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Weekly Archive

By: Bill Bonner & The Daily Reckoning Crew - 21 December, 2007

-The tide of cash and credit is receding…why agricultural commodities are a different story…
-The Battle of the Market and the Manipulators…let them drink Diet Coke…
-The whole world to feel high and dry and thirsty… Copernicus and Newton were right…and more! Full Story

By: Adam Hamilton, Zeal Intelligence LLC - 21 December, 2007

If you are a gold-stock investor, the dark cold days surrounding the winter solstice seem exceptionally fitting this year. As the warm sunlight has largely fled the northern hemisphere, so has bullish sentiment largely fled the gold stocks. Thankfully as inevitably as sun returning to the north, gold-stock sentiment too will thaw. Full Story

By: Peter Schiff, Euro Pacific Capital, Inc. - 21 December, 2007

Among those rational enough to perceive the looming economic downturn, a heated debate has arisen that centers on whether the slowdown will be accompanied by inflation or deflation. Full Story

By: Julian D. W. Phillips, Gold/Silver Forecaster - Global Watch - 21 December, 2007

As we approach the end of 2007 and a time when gold looks poised to move through its record high, and a time when global financial volatility and uncertainty have never been higher, it is time to look at what’s driving the gold market now and what lies ahead in 2008. Full Story

By: Puru Saxena - 21 December, 2007

Finally, over in the precious metals arena, both gold and silver are holding up reasonably well after some impressive gains. In my view, precious metals are simply consolidating before launching higher in the weeks ahead. I have little doubt in my mind that the Federal Reserve will slash its interest-rate in the next meeting and this should act as a catalyst for yet another rally in gold and silver. Full Story

By: Deepcaster - 21 December, 2007

Given the positive response from various parts of the world, it is clear that investors are increasingly fed up with market and data manipulation emanating from Washington, DC and elsewhere. We hope that the following will serve as a (partial, at least) antidote. Full Story

By: Sol Palha, Tactical Investor - 21 December, 2007

It appears that the markets might be preparing for another rapid pull back and this pull back could be the one that launches the entire US market into a massive rally but this pull back could be circumvented by the lowering or the hint of lowering of interest rates. Full Story

By: Jim Willie CB - 21 December, 2007

The hidden bond insurers used by Wall Street firms are in the news, especially ACA Capital and MBIA. Implications are huge, with monumental ripple effects. Financial press reporting of the bond insurers is woefully inadequate. Moodys and Fitch are giving analysis review to nine ‘AAA’ rated bond insurers to see if they have sufficient capital to conduct their insurance operations. Full Story

By: Ira Epstein - 21 December, 2007

Today China once again raised their interest rates. The Bank of Canada, The Bank of England and the ECB look poised to lower their respective interest rates in early 2008, which is helping to prop up the US Dollar. Gold’s issue now is one of a rising Dollar. In my opinion Silver does not have the same issue since anything that benefits the US economy should provide a prop for silver prices. Full Story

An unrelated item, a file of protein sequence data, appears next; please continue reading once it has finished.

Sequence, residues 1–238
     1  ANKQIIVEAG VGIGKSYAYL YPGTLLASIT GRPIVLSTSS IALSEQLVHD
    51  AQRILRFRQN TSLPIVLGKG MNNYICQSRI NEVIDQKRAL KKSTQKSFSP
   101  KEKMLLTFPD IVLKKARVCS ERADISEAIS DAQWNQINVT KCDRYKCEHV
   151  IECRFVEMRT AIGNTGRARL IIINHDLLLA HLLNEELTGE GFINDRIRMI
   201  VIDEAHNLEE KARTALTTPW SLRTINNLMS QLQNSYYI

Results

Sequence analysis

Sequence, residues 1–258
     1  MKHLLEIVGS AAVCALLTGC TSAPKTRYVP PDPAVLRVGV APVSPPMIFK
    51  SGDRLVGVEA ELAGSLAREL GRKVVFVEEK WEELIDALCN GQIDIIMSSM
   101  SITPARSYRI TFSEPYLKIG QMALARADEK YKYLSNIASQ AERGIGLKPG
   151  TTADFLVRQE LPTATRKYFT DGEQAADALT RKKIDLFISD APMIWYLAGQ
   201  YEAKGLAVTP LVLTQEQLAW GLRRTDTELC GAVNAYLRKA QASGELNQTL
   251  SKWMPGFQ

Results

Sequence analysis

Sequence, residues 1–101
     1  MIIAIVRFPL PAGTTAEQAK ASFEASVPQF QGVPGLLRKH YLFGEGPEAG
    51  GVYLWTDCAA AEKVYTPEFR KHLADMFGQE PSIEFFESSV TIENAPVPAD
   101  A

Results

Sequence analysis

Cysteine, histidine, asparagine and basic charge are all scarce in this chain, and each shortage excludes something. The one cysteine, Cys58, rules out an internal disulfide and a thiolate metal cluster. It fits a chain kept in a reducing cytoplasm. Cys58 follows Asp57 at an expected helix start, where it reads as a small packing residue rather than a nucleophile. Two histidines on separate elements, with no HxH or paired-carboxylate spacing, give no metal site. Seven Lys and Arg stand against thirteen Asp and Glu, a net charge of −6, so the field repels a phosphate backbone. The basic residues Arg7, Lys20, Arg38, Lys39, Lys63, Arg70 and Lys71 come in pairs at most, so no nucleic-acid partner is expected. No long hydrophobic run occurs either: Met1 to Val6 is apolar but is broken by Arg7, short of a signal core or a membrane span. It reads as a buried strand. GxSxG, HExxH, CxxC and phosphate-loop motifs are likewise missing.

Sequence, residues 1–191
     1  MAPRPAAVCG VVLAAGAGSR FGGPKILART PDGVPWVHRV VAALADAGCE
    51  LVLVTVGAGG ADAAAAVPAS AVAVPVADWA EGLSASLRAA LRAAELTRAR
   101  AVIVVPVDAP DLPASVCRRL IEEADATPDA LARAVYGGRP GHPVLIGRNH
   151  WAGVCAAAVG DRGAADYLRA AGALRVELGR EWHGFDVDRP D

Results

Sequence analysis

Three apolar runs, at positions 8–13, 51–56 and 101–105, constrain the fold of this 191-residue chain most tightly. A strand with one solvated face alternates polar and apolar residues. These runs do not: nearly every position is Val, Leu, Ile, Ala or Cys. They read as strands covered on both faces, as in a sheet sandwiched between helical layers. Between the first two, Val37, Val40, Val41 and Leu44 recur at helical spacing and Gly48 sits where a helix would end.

By: Richard Daughty, The MOGAMBO GURU - 21 December, 2007

Well, the kids didn't like that news any better when it comes from official government sources, but at least they weren't rolling their eyes and making rude remarks about what a crappy father I am, which was nice for a change! Full Story

By: Bill Bonner & The Daily Reckoning Crew - 20 December, 2007

-Sticking with the Trade of the Decade…the genius of Arthur Laffer's celebrated curve…
-Homeownership rates reverting to the mean…we've got your number, Mr. Greenspan…
-Mistaking free-floating loot for real prosperity…(fake) money isn't everything…and more! Full Story

By: Gary Dorsch, Editor, Global Money Trends newsletter - 20 December, 2007

The worst is yet to come for the global banking system, which faces potential losses of more than half-trillion dollars from investments in toxic sub-prime US mortgage debt. “The problems in the financial sector remain with us,” said Bank of England chief Mervyn King on Nov 19th. “A painful adjustment faces the global banking sector over the next few months as losses are revealed and new capital is raised to repair bank balance sheets,” he said. Full Story

By: Adrian Ash - 20 December, 2007

Gold hit new record highs for Australian owners in November this year, just as it did British gold buyers. Anyone trading in US Dollars, meantime, could have enjoyed an annual "income" from gold – selling their gains each New Year's Eve, and then using that yield to live off for the coming 12 months – of 17.6% gross on average since the start of 2003. Full Story

By: Paul Tustain - 20 December, 2007

This week the European Central Bank made $500 billion available through money market operations. And only last week $110bn of new money was created by central bank loans with artificially low rates and reduced-quality security. This is money creation on an epic scale. Full Story

By: Sean Corrigan - 20 December, 2007

You see, no matter how big the inflationary bubble, an offsetting deflation is merely a policy choice to be avoided in its wake. No cold turkey will be endured here – no emetic will be taken to purge the poison – only a stiff hair of the dog administered to spare the drunk the worst of his pain. Full Story

By: David N. Vaughn, Gold Letter, Inc. - 20 December, 2007

Our US Central Bank is providing a nice gift for those institutions experiencing a dire need for cash now. I don’t think many realize the significance of this event. What the Fed is doing is admitting and acknowledging that the world’s financial markets are in deep doo doo. Full Story

By: David Coffin and Eric Coffin - 20 December, 2007

Credit market participants have been shooting first and asking questions later. Funds, debt-tranches and institutions that seemed a world away from the sub-prime mess are being drawn in. As we have noted before, lack of transparency and trust are the real issues. Full Story